Generalized Anxiety Disorder Stigma in Adolescents: Personal and Perceived Stigma Levels and Predictors

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Abstract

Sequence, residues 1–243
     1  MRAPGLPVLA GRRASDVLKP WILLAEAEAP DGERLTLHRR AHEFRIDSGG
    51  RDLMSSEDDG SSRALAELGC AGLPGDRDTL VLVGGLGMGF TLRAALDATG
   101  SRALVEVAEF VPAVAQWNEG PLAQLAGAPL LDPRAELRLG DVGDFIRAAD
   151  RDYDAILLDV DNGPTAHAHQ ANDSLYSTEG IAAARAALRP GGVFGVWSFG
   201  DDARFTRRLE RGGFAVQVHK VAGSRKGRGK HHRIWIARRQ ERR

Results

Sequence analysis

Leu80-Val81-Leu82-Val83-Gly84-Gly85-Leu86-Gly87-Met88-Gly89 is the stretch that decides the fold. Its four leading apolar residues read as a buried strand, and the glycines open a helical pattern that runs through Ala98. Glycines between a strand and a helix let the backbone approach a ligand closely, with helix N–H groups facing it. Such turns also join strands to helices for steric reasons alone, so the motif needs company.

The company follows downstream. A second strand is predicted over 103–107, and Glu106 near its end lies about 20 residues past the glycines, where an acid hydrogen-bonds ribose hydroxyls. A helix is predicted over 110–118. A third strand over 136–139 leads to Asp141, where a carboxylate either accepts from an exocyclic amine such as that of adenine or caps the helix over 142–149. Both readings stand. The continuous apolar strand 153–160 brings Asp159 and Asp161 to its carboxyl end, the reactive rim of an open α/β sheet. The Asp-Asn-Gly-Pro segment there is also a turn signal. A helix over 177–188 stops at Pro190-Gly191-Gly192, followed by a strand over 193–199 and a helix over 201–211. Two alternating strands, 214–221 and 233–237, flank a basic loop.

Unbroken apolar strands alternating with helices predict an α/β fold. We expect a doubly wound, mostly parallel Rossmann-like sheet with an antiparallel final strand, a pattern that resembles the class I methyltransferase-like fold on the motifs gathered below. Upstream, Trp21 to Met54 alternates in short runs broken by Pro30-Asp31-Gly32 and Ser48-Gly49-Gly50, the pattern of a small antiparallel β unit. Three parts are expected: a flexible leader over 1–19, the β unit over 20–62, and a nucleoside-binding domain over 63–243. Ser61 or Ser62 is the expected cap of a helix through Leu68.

Stigma has been identified as a barrier to help-seeking for mental health problems. The aim of the current study was to examine levels of personal and perceived generalized anxiety disorder stigma among an adolescent population, and to identify potential predictors of these constructs. A total of 1,840 adolescents (64.6% female) aged between 12 and 18 years participated in the current study. As a part of the preintervention questionnaire of the Y-Worri Project, participants completed the Generalized Anxiety Disorder Stigma Scale (GASS) and a number of sociodemographic and symptom outcome measures. Participants reported significantly higher levels of perceived stigma than personal stigma. Higher personal generalized anxiety disorder stigma was associated with being male, having a non-English speaking background, not living with 1 or both parents, and having lower anxiety literacy scores. Higher perceived generalized anxiety disorder stigma was associated with being male, living with 1 parent and having higher levels of depressive symptoms and anxiety literacy. Stigmatizing attitudes toward generalized anxiety are common among adolescents. Based on the predictors of personal and perceived stigma identified in the current study, it may be particularly beneficial to target antistigma interventions to males, those from culturally diverse backgrounds, and those who have had limited exposure to generalized anxiety.

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